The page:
Given all that context, it’s perhaps not surprising to see MLB Network’s Jon Heyman tweet that despite Kiermaier’s availability on the trade market, the chances of a deal coming together “aren’t great.” The Rays have already weakened their 2021 roster by trading away Snell and declining Charlie Morton’s option, and jettisoning Kiermaier for nothing of immediate value (on the heels of a World Series run) would only further diminish their hope of a return postseason bid.

Granted, some of the dollars that had been earmarked for Kiermaier could be invested back into the free-agent pool, but it’s extremely difficult to find a player with Kiermaier’s upside on the open market with the limited resources they’d save in dealing him away. Kiermaier has still topped seven WAR over the past three seasons combined, even with his bat on the decline, and in that aforementioned 2014-17 peak, he checked in at 21 wins above replacement.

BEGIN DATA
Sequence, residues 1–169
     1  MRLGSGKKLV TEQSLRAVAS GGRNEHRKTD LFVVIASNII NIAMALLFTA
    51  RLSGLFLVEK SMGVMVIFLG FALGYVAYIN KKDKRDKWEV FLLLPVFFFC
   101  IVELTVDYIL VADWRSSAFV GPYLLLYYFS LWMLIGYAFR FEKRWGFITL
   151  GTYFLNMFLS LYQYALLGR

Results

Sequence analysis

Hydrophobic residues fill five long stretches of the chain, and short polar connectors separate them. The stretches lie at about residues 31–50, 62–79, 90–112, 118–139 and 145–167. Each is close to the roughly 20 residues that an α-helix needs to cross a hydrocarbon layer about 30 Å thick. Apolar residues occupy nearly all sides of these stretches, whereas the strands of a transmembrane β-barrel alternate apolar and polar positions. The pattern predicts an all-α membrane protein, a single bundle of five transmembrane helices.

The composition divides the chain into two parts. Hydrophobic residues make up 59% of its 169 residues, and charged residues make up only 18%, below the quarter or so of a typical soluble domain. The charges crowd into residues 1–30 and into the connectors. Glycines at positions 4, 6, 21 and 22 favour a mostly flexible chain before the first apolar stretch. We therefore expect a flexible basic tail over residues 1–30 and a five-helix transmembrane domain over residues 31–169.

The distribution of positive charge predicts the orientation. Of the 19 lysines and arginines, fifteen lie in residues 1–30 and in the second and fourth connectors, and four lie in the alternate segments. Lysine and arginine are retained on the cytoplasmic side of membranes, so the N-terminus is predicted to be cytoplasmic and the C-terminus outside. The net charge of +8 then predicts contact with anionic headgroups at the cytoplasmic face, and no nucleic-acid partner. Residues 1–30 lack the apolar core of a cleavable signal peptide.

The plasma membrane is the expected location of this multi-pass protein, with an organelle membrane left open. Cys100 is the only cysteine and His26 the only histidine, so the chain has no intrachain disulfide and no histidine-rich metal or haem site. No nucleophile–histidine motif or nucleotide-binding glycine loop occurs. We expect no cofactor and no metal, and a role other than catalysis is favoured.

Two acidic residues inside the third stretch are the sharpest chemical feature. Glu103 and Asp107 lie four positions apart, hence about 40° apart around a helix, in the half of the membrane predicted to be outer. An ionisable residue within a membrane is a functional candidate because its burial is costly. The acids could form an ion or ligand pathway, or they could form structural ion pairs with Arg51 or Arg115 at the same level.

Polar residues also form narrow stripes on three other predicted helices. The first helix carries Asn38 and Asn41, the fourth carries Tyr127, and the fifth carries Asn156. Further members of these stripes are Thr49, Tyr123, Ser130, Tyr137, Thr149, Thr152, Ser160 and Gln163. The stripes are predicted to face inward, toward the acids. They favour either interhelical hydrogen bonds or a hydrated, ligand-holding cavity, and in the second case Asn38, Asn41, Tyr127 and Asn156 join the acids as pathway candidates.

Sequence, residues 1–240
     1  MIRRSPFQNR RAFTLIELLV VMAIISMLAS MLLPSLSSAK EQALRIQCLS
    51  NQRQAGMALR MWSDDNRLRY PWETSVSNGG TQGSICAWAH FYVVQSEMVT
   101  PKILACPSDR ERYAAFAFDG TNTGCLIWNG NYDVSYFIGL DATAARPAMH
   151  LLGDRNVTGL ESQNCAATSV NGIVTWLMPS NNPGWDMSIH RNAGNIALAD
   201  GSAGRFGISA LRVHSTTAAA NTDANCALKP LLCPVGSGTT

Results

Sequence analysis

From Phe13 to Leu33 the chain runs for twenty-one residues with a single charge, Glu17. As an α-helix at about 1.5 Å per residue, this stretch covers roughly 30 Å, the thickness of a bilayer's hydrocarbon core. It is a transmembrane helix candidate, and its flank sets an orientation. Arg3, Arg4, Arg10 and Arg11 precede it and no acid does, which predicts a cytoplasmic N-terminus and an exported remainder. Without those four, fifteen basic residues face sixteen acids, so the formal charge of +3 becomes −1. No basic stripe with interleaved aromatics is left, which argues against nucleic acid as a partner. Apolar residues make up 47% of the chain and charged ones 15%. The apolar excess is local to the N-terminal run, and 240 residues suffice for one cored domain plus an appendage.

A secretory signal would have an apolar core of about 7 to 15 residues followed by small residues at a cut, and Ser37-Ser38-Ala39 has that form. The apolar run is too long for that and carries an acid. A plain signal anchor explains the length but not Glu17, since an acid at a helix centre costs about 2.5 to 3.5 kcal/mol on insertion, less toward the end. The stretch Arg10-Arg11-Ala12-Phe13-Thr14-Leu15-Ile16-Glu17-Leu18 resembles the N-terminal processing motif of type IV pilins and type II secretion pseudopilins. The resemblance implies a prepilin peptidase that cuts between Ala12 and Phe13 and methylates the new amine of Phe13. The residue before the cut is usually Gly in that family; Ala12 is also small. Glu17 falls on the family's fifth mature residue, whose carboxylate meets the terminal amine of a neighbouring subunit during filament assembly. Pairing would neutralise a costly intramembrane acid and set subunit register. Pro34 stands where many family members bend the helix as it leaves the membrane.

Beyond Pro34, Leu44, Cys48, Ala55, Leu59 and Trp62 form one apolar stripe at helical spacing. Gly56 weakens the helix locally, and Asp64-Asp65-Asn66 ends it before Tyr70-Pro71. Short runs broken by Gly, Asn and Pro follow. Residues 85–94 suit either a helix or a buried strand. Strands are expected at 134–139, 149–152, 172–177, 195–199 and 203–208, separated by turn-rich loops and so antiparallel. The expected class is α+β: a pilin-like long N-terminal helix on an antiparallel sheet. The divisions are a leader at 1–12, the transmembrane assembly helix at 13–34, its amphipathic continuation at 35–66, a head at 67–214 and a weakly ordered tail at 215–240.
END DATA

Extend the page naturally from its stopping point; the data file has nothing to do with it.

Not only is Kiermaier’s ceiling higher than any replacement the Rays would bring into the fold, but the possibility of trading him for pennies on the dollar, only to watch him rebound and send his value soaring, looms larger in this instance. It’s a very different situation than moving Snell when his value was much closer to (or arguably even at) its apex.

I’d expect plenty of rumors regarding the possibility of a Kiermaier trade between now and Opening Day, but for all these reasons (and likely quite a few more), it’s a complicated scenario that should by no means be considered a given. For debate’s sake, let’s tack a poll onto the end of this breakdown and open it for discussion in the comments (link to poll for Trade Rumors mobile app users):